African twist on barbecue
Out of Africa, berbere is Ethiopia’s most popular seasoning, according to the McCormick forecast. The blend contains spices like paprika, allspice, coriander, cardamom, ginger, cinnamon and red pepper.
“Its hot, sweet and ‘citrusy’ flavor lends richness to whatever it touches, whether rubbed on meats, stirred into soups and stews, or sprinkled onto lentils and veggies,” McCormick said.
Ms. Iler said berbere contains many of the same spices as a curry blend, but the richness from the sweet brown spices and fenugreek comes through.
Fuchs North America combined berbere with American-style barbecue as part of its African Exploration Collection of seasonings. The berbere blend complements the flavors in traditional barbecue, said Elizabeth Lindemer, corporate executive chef for Fuchs North America. The combination may work on flank steak, popcorn or chips, she added.
Other items in the African collection were a Maghreb-style boharat seasoning, a Mozambique-style piri piri sauce base and a Senegalese-style tamarind and coconut snack seasoning.
From northwest Africa, the Maghreb-style boharat seasoning features warm and savory spices and black peppers, and it contains both African and Arabic flavors, Ms. Lindemer said. It may season chicken, lamb, grains and vegetables.
Piri piri dishes deliver a fiery yet addictive heat, Ms. Lindemer said. The piri piri sauce base works as a sauce for shrimp and on other seafood items and chicken. The Sengalese seasoning may work on chips, nuts, chicken or fish, she said.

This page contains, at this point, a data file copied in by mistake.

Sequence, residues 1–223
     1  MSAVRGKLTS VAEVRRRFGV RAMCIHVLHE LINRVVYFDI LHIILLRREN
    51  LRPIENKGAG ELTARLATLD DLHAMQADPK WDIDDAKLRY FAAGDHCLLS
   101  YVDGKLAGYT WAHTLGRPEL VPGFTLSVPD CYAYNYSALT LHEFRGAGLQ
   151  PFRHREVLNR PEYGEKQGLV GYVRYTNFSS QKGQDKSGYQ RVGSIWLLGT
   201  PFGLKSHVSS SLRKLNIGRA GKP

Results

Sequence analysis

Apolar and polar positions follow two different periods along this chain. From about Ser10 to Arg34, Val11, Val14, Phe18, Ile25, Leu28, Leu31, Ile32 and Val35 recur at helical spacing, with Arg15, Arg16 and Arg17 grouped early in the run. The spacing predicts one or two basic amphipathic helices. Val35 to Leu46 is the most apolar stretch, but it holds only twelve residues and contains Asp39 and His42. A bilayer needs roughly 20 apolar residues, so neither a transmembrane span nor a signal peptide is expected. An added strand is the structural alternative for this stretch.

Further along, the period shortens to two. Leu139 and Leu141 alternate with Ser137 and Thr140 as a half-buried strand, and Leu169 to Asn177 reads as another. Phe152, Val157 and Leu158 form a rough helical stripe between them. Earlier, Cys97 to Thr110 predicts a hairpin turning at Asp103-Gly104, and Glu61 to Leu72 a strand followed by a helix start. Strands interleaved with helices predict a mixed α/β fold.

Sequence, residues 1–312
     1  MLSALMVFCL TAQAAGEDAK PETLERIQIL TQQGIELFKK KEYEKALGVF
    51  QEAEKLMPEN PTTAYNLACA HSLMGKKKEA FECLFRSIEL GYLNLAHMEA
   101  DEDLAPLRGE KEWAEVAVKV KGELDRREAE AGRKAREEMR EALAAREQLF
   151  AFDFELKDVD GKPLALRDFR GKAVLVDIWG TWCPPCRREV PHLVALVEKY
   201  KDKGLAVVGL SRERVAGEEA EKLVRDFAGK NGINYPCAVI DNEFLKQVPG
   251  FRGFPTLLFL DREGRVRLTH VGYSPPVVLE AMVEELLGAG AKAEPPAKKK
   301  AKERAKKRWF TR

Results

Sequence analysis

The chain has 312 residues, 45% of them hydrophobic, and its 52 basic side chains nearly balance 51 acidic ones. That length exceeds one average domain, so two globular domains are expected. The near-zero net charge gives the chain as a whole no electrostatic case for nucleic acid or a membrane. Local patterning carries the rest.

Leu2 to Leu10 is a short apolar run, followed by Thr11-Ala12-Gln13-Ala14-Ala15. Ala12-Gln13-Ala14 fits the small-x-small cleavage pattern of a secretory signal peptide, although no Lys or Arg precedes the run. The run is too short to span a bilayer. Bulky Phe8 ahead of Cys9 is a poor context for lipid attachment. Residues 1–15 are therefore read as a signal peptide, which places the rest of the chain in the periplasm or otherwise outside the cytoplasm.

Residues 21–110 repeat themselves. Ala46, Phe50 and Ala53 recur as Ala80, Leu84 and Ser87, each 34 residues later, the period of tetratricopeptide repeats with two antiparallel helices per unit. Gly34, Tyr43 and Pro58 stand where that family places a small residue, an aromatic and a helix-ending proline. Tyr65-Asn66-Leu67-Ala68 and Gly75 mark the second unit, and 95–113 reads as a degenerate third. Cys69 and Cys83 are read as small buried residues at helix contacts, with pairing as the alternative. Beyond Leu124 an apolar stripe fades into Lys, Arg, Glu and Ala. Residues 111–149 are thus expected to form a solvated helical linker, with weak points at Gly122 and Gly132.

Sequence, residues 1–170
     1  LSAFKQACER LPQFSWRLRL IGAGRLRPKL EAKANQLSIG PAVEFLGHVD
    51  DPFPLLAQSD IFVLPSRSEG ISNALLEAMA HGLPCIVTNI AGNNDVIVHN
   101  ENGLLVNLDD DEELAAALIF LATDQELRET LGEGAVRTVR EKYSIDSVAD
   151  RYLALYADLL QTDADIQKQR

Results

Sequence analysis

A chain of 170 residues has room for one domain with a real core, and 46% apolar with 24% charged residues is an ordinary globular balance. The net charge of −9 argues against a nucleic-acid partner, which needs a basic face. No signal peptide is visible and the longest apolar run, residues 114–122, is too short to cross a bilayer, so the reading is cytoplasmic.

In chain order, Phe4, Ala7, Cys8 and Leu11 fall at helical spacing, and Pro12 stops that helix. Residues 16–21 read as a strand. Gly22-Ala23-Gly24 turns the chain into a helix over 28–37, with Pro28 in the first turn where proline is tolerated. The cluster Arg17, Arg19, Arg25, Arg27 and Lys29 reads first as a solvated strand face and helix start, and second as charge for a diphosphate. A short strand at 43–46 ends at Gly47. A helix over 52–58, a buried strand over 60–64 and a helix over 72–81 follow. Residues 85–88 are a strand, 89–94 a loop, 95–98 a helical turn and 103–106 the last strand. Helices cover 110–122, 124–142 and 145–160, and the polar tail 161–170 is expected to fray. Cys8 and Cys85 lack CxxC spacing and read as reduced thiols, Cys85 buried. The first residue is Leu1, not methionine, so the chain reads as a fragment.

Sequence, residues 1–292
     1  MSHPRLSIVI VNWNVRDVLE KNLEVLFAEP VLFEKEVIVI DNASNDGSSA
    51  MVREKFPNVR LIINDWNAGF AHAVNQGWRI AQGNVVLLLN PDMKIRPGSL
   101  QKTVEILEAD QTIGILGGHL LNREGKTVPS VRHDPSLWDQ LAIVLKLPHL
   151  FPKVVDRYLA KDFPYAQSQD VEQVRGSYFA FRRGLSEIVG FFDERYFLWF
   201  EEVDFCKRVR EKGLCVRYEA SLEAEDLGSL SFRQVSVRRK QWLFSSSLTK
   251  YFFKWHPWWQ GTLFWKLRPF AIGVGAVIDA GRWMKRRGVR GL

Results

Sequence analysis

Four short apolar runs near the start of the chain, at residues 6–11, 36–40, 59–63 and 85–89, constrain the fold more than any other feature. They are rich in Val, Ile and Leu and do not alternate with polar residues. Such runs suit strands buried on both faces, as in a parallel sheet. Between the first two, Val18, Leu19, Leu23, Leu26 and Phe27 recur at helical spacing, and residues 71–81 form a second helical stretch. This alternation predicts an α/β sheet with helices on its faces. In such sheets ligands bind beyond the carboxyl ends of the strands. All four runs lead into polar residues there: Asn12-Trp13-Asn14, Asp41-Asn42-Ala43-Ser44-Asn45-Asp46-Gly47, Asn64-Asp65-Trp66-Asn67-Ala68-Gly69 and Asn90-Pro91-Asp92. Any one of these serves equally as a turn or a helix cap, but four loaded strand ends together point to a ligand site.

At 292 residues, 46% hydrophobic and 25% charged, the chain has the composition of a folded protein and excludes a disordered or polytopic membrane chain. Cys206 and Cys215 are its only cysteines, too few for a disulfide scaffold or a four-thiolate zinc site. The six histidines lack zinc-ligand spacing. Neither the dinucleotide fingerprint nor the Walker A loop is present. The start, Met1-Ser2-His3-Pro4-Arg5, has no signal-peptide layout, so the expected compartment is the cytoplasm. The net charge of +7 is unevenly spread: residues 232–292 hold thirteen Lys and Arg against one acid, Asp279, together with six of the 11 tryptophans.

“These African-inspired flavors are also spicy, offering the heat that millennials crave,” Ms. Cushen said. “They are also complex spicy, which has been rising in demand as millennials look to try new ethnic foods from around the world. From snacks to proteins to even baked foods, we’ve been finding these African-inspired flavors to be versatile and to showcase well in a variety of applications.”
Ms. Iler said harissa, which is native to north Africa, combines spices like garlic, chili peppers, cumin and coriander.
“We’ve experimented with it in all types of snacks, chicken wings, in hummus, barbecue sauce and chocolate,” Ms. Iler said.
McCormick & Co. featured Tanzanian barbecue in its forecast. A marinade blends lemon, tomatoes and green papaya to tenderize the meat. Curry, garlic, red pepper and ginger add bold flavor. Tanzanian barbecue may come in the form of meat skewers called mishkaki, which are similar to shish kebabs, according to McCormick.